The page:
My first 40 years with AIS
Today, the Italian Sommeliers’ Association (AIS) is a large organization but back at the end of the 1970s we were few in number, even if very determined and passionate about what we were doing.
I must confess that when I pull out my old AIS membership card, number 531 issued in December 1979, I am overwhelmed with memories that remind me how much time as gone by and how many things have changed.
The Associazione Italiana Sommelier did not have many members at the time, in Rome maybe 30 people or more, and almost everyone worked in relates sectors, including many restauranteurs. Severino Severini, for an example, was an association trustee who had a restaurant in Piazza Zama, a stone’s throw from my parents’ home, which was the first outside the city center to obtain a Michelin star. Working for him was an old sommelier from Lombardy, Angelo Bruschi from Casalpusterlengo, who was perhaps the only one who had made a living as a sommelier, mostly in hotel restaurants, and it was he who literally taught me how to open a bottle with a professional corkscrew.
My fellow students included Elio Mariano, of the Checchino dal 1887 restaurant; Ezio and Mimma Bastianelli from Fiumicino; Alberto Ciarla, who later became AIS president; Pietro Micara from Frascati; Mario Camerucci from the trattoria Monti; Air Force General Francesco Rizzardi; Cristina Milozzi from the Ceppo restaurant; and Paola Di Mauro, who had begun making wine at Colle Picchioni in the Castelli Romani. The instructors were: the famous wine merchant Marco Trimani; Renato Sentuti of the Papa Giovanni restaurant; and Luciano Salvini, a wine salesman and great Champagne expert. Giving the final exam was Beppe Monchiero, the owner of the restaurant Daniel’s in Alba, who listened to our stuttering presentations with great and almost paternal understanding.
Fresh with my first diploma and full of passion, things went pretty well for me and after a few months, Severino decided to make me an instructor and hold lessons on tasting techniques in the second course, a course I myself was taking. These were innovating times, money was scares and I was not paid for the lessons but I knew a thing or two so it all worked out. The AIS “big bosses in Milan”, who were President Franco Colombani and Secretary Franco Tommaso Marchi, closed an eye and allowed me to be promoted “on the job”. I must have done well because many of those who were “subjected” to my lessons went on to have brilliant careers.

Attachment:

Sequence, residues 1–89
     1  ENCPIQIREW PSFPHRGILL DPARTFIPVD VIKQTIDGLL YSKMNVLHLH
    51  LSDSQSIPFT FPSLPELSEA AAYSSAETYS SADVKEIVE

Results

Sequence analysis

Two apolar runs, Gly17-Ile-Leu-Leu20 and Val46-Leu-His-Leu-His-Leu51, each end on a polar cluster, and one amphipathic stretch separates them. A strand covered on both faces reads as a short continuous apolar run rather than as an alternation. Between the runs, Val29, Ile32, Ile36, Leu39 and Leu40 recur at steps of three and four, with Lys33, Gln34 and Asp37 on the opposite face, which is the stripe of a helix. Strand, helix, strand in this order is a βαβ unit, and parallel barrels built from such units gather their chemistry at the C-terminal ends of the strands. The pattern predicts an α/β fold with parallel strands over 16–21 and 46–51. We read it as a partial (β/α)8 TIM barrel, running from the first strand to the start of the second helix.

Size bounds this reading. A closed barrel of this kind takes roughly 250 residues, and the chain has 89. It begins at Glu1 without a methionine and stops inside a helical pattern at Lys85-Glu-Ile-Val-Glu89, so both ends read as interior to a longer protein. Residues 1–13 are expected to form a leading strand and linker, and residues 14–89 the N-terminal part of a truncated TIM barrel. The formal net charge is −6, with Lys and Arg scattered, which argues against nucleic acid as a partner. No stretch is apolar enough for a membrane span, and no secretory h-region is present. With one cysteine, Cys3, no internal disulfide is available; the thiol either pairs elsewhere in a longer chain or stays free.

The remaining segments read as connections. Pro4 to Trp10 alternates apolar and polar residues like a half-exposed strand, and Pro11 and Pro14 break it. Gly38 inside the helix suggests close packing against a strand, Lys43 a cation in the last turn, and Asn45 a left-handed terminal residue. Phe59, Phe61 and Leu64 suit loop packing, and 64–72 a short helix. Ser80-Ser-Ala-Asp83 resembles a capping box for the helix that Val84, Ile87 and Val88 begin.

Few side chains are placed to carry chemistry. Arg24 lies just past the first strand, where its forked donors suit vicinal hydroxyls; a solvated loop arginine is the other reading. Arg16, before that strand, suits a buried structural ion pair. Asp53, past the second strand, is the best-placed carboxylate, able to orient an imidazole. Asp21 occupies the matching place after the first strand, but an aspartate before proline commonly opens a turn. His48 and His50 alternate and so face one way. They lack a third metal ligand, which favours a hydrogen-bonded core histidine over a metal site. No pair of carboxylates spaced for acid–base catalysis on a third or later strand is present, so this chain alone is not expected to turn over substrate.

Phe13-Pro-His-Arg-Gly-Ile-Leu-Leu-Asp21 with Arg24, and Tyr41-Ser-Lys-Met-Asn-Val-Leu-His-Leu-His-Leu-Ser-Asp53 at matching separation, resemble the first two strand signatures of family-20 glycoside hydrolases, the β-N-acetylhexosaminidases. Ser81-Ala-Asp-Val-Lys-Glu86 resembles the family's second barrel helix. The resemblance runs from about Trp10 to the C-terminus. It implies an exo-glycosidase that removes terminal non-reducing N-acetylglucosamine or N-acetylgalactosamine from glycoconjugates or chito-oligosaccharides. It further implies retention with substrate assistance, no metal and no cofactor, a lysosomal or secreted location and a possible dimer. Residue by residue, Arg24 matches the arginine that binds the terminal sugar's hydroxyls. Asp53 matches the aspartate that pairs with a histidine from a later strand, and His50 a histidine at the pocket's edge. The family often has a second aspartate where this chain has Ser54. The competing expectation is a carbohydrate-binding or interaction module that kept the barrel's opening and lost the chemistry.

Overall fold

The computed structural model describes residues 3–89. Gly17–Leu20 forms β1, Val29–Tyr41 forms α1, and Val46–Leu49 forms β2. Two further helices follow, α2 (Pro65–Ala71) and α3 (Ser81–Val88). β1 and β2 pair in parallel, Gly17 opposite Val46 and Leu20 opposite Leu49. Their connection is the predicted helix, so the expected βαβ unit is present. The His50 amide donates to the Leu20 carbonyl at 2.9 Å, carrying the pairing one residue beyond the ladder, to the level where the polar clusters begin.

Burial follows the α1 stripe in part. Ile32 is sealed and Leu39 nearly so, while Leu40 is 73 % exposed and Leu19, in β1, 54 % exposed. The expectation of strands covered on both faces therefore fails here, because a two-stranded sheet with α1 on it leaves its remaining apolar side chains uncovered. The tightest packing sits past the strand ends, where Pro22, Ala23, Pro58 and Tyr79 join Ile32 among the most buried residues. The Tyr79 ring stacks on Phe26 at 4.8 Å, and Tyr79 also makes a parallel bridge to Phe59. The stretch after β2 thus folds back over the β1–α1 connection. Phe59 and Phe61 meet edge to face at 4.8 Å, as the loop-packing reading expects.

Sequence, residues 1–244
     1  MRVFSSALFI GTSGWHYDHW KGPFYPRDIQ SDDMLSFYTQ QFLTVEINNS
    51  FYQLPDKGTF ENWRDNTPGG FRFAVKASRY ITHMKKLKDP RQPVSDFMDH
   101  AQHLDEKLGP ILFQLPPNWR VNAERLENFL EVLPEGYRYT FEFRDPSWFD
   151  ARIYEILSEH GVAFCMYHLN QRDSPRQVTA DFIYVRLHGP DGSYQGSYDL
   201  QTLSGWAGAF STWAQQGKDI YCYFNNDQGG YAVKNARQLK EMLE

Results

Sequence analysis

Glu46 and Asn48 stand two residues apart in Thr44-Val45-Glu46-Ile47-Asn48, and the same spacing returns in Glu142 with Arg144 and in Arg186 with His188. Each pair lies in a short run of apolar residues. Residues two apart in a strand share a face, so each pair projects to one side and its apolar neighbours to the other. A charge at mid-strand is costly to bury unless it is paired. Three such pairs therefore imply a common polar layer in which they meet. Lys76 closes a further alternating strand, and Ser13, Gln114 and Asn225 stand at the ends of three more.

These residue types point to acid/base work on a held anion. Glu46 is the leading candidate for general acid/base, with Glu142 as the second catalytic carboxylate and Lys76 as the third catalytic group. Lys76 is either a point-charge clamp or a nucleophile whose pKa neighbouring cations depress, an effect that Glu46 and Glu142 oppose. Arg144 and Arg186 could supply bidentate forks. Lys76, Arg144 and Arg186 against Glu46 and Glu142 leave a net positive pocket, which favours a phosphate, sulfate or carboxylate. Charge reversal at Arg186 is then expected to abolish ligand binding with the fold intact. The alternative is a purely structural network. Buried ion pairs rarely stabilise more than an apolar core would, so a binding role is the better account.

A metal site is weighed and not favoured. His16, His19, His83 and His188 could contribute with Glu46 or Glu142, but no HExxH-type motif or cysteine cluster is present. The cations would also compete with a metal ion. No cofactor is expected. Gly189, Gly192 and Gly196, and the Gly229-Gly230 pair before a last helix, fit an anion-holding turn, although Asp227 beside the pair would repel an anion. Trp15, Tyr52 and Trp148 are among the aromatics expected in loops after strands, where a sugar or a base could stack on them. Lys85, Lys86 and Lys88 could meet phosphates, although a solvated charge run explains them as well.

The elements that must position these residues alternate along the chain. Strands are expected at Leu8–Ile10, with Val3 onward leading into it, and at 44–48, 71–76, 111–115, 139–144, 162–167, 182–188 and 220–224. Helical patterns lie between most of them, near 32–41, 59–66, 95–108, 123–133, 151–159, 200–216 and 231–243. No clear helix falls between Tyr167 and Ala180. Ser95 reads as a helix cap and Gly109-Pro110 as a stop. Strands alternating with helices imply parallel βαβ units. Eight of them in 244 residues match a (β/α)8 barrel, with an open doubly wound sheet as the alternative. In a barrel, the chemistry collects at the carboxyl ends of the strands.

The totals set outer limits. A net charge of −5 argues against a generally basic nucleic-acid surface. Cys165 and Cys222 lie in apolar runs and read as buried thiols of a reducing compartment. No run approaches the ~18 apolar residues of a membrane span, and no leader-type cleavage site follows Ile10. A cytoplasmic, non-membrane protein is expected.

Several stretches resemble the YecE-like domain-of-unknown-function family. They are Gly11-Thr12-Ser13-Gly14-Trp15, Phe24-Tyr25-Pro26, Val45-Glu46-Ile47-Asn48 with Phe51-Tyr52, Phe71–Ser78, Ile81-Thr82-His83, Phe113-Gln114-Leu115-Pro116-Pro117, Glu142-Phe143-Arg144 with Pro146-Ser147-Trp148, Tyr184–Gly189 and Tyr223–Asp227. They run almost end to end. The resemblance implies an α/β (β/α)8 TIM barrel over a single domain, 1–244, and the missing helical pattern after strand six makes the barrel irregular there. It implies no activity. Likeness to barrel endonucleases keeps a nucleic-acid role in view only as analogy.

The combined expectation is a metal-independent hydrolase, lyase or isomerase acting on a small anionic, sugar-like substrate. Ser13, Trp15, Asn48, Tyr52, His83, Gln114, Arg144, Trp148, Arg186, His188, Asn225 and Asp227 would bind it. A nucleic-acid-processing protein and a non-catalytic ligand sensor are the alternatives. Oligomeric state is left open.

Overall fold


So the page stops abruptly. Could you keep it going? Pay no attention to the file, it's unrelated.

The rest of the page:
My later students included Daniela Scrobogna, Paolo Lauciani, Massimo Billetto, Sandro Sangiorgi and even Franco Ricci, to whom I gave the final exam for the second course in 1983. All were members of various AIS chapters in the Lazio region. Another student of mine was Stefania Vinciguerra, who today is managing editor at DoctorWine.
I have now learned that Antonello Maietta, the current AIS president, and most of all Hosam Eldin Abou Eleyoun AIS Lombardy's president, that organized everything, that have organized, hanno decisohas decided to have me hold a lectio magistralis in November, at the Westin Palace Hotel in Milan, to mark my first 40 years as an AIS member.
Much has changed at AIS and there have been episodes that resulted in some leaving, but today there are over 40,000 members and things are going great. Knowing that I played a small role in all this fills me with immense pleasure. And I must also admit, with some emotion, that I am very grateful to this association and those who made it what it is.
Although I have been an honorary member for a few years now, up until 2007 I regularly paid my membership dues and did my best to support it while avoiding any conflict of interest with AIS’ principle activities, which are first of all educational. And I think that I have always made it clear that if I am in the profession and position that I am, I owe a lot to those almost innovative courses in which we put all our heart to overcome any obstacle and while there were many obstacles, we had a lot of heart.